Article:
This does not mean the edition I read was perfect. A shunga showing a man masturbating at = his spending seems headed right for her kimonoed body = a portrait of a beauty (a woman with a beautiful face), that does not actually prove that men used pornographic prints but that they, or we (I am one)can arouse ourselves without even seeing bodies lacked what I would consider an important point.
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1 of 1 people found the following review helpful By wiredweird HALL OF FAMETOP 500 REVIEWER on March 23, 2013
Format: Paperback
Screech offers a fascinating look at the evolving series of cultural phenomena collectively known as shunga - the enticing and explicit "images of spring" from Japan's tradition of woodcut prints. The purpose of this art comes under scrutiny first: Screech convincingly argues that it was adult entertainment to men. Imperial policy forced retainers to spend significant amounts of time in the capitol, creating a disproportionately male population. Supply and demand being what it is, intimacy for hire was priced out of reach of very many of them, creating a ready audience for affordable imagery.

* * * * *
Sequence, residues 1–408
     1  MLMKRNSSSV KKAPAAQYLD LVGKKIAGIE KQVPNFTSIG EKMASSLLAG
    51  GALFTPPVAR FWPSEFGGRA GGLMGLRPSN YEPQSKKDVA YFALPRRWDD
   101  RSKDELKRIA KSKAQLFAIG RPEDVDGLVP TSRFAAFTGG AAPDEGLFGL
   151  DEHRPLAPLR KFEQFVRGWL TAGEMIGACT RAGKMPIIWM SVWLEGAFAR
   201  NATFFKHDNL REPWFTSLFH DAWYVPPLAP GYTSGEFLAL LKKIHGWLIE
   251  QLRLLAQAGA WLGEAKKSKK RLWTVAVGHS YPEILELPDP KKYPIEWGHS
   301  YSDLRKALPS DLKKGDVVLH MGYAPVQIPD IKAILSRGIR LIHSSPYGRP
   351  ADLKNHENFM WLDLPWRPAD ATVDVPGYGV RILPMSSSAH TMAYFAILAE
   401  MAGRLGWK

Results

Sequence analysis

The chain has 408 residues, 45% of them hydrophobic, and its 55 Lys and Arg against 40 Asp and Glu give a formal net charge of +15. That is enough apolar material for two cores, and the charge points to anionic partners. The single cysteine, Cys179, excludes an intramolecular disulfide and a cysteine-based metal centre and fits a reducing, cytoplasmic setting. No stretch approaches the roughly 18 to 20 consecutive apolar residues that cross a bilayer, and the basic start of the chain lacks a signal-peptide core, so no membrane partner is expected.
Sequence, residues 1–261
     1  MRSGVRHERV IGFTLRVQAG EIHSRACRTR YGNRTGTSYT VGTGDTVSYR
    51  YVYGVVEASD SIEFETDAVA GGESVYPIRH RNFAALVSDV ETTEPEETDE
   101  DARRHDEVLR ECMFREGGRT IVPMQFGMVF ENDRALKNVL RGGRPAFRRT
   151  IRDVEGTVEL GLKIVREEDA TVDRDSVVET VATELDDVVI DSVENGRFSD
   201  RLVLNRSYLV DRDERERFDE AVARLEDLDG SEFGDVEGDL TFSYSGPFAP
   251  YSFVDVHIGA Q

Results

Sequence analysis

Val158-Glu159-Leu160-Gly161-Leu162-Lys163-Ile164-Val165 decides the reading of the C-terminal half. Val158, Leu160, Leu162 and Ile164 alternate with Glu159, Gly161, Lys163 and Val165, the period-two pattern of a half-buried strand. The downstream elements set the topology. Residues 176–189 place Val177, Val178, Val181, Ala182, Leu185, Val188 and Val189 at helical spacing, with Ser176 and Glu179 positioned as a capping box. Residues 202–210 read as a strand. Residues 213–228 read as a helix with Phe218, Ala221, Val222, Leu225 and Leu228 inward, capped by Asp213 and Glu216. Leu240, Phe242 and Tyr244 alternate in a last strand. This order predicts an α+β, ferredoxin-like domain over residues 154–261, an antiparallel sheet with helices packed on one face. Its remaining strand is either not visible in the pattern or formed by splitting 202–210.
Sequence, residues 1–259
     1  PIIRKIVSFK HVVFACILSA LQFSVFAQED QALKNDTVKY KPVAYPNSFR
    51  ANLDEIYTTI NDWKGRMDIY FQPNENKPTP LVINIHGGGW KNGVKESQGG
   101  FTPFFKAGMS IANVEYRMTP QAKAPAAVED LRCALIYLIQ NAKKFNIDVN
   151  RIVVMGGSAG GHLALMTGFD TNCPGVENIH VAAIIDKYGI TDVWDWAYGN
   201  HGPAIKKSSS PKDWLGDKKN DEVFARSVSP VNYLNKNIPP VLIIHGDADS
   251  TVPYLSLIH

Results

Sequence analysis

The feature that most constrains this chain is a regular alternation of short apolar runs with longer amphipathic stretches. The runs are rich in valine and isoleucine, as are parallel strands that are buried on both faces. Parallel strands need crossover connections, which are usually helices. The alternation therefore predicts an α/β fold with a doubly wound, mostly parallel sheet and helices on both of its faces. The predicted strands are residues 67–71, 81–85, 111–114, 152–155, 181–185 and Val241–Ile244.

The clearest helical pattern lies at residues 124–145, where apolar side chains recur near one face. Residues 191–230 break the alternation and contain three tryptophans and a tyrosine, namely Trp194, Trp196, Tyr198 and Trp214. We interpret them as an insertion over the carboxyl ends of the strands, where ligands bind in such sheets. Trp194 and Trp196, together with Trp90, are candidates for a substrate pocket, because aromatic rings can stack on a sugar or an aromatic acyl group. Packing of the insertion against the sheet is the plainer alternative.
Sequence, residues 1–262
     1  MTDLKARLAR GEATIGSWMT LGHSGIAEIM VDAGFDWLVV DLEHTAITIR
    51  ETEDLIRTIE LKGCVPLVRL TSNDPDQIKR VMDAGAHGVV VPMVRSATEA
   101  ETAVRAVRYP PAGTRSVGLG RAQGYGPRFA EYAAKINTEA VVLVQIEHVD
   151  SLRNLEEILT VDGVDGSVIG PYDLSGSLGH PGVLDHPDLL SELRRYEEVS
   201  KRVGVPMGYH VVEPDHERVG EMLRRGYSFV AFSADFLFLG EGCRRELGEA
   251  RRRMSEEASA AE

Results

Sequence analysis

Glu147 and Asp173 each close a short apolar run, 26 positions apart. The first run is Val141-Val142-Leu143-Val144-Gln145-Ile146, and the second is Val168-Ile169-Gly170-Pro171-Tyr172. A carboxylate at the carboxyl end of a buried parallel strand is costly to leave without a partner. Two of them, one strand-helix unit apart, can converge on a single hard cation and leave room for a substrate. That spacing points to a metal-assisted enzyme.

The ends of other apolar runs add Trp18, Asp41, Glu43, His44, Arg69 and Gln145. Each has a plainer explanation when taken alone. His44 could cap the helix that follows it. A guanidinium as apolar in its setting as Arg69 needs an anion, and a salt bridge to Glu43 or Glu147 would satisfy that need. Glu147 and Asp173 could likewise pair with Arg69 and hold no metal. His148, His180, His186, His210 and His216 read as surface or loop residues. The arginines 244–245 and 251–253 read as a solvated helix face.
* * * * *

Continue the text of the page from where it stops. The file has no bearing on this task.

Having established that basic point, Screech uses it to explain the conventions if the imagery, regarding the people, places, seasons, and furnishings displayed. He examines the visual symbols of clothing, opulence, and nature. Things like the hidden (or not so hidden) observer recur, too, and invite explanation: very possibly a placing of the image's viewer in the image itself, or a reassurance that it's OK to enjoy looking the way the depicted voyeur enjoys it. And, since this is a second edition, Screech uses it to answer many of the objections and misinterpretations that met the first version.

Please note that this is not a showcase of the artworks themselves. A few of them do appear, usually in very small format and without color. These generally serve to illustrate some point of history or style, and rarely appear in a form that allows full enjoyment of the imagery. That's not the purpose - reproductions in this book act as footnotes to the text rather than features in themselves.